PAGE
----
The Salina Journal from Salina, Kansas on May 18, 1997 · Page 45
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The Salina Journal from Salina, Kansas · Page 45

Salina, Kansas
Issue Date:
Sunday, May 18, 1997
Page 45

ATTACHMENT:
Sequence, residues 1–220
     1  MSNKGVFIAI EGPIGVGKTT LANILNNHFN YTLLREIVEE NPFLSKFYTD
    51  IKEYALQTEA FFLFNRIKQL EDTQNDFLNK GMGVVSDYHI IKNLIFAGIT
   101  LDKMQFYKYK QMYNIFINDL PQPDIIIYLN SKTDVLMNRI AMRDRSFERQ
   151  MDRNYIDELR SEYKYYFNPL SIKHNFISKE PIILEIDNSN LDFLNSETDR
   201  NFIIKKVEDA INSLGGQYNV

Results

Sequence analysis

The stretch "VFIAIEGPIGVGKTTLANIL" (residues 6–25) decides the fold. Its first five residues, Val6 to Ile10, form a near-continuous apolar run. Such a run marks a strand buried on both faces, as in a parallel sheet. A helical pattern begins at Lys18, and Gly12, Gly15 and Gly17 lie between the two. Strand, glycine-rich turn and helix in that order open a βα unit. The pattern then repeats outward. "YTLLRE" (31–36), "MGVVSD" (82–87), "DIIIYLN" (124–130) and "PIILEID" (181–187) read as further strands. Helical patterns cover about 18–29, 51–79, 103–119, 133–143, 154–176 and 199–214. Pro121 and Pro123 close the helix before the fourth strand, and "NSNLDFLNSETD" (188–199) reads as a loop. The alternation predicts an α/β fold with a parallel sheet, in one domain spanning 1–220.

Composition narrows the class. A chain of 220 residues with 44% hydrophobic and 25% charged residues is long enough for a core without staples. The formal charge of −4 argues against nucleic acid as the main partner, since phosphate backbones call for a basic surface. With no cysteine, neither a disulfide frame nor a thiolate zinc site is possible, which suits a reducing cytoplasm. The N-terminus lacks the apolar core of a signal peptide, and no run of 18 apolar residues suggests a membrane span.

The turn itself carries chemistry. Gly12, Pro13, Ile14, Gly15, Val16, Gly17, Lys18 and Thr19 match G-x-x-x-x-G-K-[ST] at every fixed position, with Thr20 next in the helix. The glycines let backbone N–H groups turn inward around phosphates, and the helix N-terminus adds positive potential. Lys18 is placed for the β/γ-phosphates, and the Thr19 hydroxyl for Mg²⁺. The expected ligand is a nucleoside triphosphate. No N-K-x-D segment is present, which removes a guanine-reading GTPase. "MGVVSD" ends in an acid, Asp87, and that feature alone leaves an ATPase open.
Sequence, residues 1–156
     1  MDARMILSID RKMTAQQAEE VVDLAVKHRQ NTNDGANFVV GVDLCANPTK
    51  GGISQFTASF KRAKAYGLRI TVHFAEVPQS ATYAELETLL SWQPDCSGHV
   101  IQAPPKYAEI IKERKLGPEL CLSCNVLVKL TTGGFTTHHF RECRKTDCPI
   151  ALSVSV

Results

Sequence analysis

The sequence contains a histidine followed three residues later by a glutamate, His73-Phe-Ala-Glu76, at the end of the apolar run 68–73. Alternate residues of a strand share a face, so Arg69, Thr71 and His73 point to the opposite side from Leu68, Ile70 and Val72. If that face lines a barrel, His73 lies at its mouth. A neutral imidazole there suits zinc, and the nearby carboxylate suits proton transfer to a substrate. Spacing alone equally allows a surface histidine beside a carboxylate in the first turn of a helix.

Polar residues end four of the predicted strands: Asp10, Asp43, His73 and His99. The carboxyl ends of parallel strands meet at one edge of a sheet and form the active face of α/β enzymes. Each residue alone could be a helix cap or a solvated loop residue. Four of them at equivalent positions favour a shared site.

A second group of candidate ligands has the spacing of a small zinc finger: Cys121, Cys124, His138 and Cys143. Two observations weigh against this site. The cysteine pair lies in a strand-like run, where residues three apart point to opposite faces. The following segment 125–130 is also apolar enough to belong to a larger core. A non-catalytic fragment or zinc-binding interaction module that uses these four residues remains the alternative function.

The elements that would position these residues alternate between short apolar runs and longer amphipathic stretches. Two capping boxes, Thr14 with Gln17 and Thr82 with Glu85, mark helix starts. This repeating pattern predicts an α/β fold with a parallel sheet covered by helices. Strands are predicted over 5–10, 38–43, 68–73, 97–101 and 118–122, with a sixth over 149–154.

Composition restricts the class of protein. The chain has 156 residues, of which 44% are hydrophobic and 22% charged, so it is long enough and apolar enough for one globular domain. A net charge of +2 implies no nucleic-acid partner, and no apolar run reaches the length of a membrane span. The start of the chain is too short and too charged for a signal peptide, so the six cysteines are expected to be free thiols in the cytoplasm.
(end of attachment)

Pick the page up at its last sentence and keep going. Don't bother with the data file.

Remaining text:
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TEST YOUR MEMORY THIS QUIZ is adapted from the book Brain Longevity by Dharma Singh Khalsa, M.D. For each statement, mark "true" or "false." 1 From time to time, I forget what day of the week it is. 2. Sometimes when I'm looking for something, I forget what I'm looking for. 3. My friends and family think I'm more forgetful now than I used to be. 4. Sometimes I forget the names of my friends. 5. Ifs hard for me to add two-digit numbers without writing them down. 1 I frequently miss appointments because I forget them. 7. I rarely feel energetic. 8. Small problems upset me more than they once did. 9. It is hard for me to concentrate for even an hour. 10.1 often misplace my keys; when I find them, I often can't remember putting them there. It I frequently repeat myself. 12. Sometimes I get lost, even when I'm going someplace I've been before. 13.1 often forget the point I'm trying to make. 14. To feel mentally sharp, I depend on caffeine. 15. It takes longer for me to learn things than it used to. SCORING: Eight or fewer "trues" indicates your memory is normal. Nine or more may indicate age-associated memory impairment 12 or more may indicate a need for testing by an expert. mental and highly individual. What appears to be memory loss could be due to another condition altogether. Depression can affect short-term memory. Medications, including drugs for high blood pressure and anxiety, tranquilizers, antidepressants and even insulin, may have side effects that seem to be short-term memory loss. Regular marijuana or alcohol use can lead to memory loss. Meanwhile, Dharma Singh Khalsa, a Tucson, Ariz., physician who is the author of the new book Brain Longevity, believes boomers are especially susceptible to age-associated memory loss because of brain overload created by what he calls "multi-tasking stress." At 51, he says, he's the perfect example, with teenagers, a previous marriage and a 90-year- old mother who requires caretaking. Add to that modern pressures and insecurities and the pace of technology, and, he says, "Even if we are adapting to it all, this is the stress that produces the cortisol overload that results in poor memory." Research developments Across the country, scientists are working to pinpoint causes by using: • New technologies. Most significant are imaging technologies like the PET scan, a computer-assisted "picture" of the brain that highlights the areas of highest blood flow during an activity. So if a person is doing a spatial task such as a puzzle, parts of the right side of the brain "light up" as it becomes busy. Intriguing results suggest older adults use different regions of the brain when doing the same activity as young adults, "so there may be compensation," says Dr. Timothy Salthouse, psychology professor at Georgia Institute of Technology and editor of the journal Psychology and Aging. This may lead to ways all generations can use their brains more fully. • Genetic research. "Five years ago, I couldn't have told you any genes involved in memory," says Barry Gordon, director of the Memory Clinic at Johns Hopkins University Medical School. "Now, there's any number of candidate genes involved in memory." Already scientists are experimenting with these genes, hoping to find a "gene therapy" cure. • Drugs. Several new medications, including a class called "nootropic" drugs, are being investigated as memory aids. Also under study: hormone supplements like estrogen, vitamin supplements like vitamin E and B 12 injections, and herbal supplements like ginkgo biloba. This year, the federal Food and Drug Administration began soliciting new drug applications for a class of "anti-aging" medicine, which could encourage more development. How you can fight memory toss Some researchers, like the NIA's Costa, say that until there is more information on exact causes, "we really don't know the specific type of interventions, exercises or training that might reverse the small age-related memory loss." The problem, Gordon explains, is that "aging is probably not a single problem, and therefore it probably doesn't have a single solution. It may require many workarounds." But many researchers insist certain steps work, including: • Use it or lose it. Those who remain intellectually challenged retain more memory. A recent study suggested mental stimulation along with a varied diet may even build new brain cells in areas devoted to memory. "Look at it this way: The higher your intellectual functioning, the farther you have to fall before it becomes a problem," says Burke. • Get organized. For short- term problems like remembering phone calls, keeping appointments or finding those lost keys, experts suggest relying on aids such as calendars, notebooks, computers and message boards. Also, designate one place where the keys or wallet always will be placed. "I don't see any shame in ^USaffiSiEra23a^/aE3)^irar^^'.il£a5Bt^«i9MSii^^ external cues like Post-Its," says Dr. Patricia Tun, assistant director of the Memory and Cognition Laboratory at Brandeis University. Tun also recommends simplifying. "You may not be able to drive the car, talk on cell phone, take notes and drink coffee at the same time. Learn to put everything else on hold and focus on what's most important." • Exercise. "Putting people on a treadmill can improve mental abilities 20 to 30 percent," says Gordon of the Johns Hopkins Memory Clinic. • Keep healthy. Last year, a study that had tracked almost 4,000 men since 1960 found those with high blood pressure in midlife were almost 2' 2 times more likely to have poor cognitive function in old age. • Practice. The dozens of memorization techniques available through books and memory courses can help, say experts, because they put information in priorities and context. But no one technique will strengthen all memory skills — so focus on the type of memory most important to you. • Seek help. University-based memory clinics around the nation offer the latest treatments. Most, affiliated with neurology or psychology departments, conduct clinical trials and provide testing. Adapting to a forgetful future Developments in drugs and hormones that slow the aging process are guaranteed. The American Academy of Anti-Aging Medicine is offering specialty certification in anti-aging medicine for the first time this year, and more than 300 doctors already have signed up for the certification test in December. Technology will lose some of its sting: For example, voice recognition and microchip-encoded fingerprints or retina prints will make memorizing passwords and personal ID numbers a thing of the past. And those approaching 50 can take heart: Issues facing the baby boom generation are hard to forget — or ignore. C3 Contributing Editor Monika Guttman recently wrote about genetic testing for USA WEEKEND. One man's memory cure Many boomers seeking help for age- associated memory loss encounter doctors who don't take them seriously. Bob Butziger, a Presbyterian minister and psychotherapist in Albuquerque, noticed his memory slipping when he had trouble recalling parishioners' names and clients' stories. In growing frustration, he quit his job and trekked from doctor to doctor; they told him he was depressed or merely had to slow down. Then he met Dr. Dharma Singh Khalsa, author of Brain Longevity, who put him on a regimen that included diet changes, drugs, exercise and relaxation. Butziger feels his memory is again functioning and now leads another congregation. Plus, he says, "I've got my sense of humor back." USA WEEKEND < May 16-18,1887 6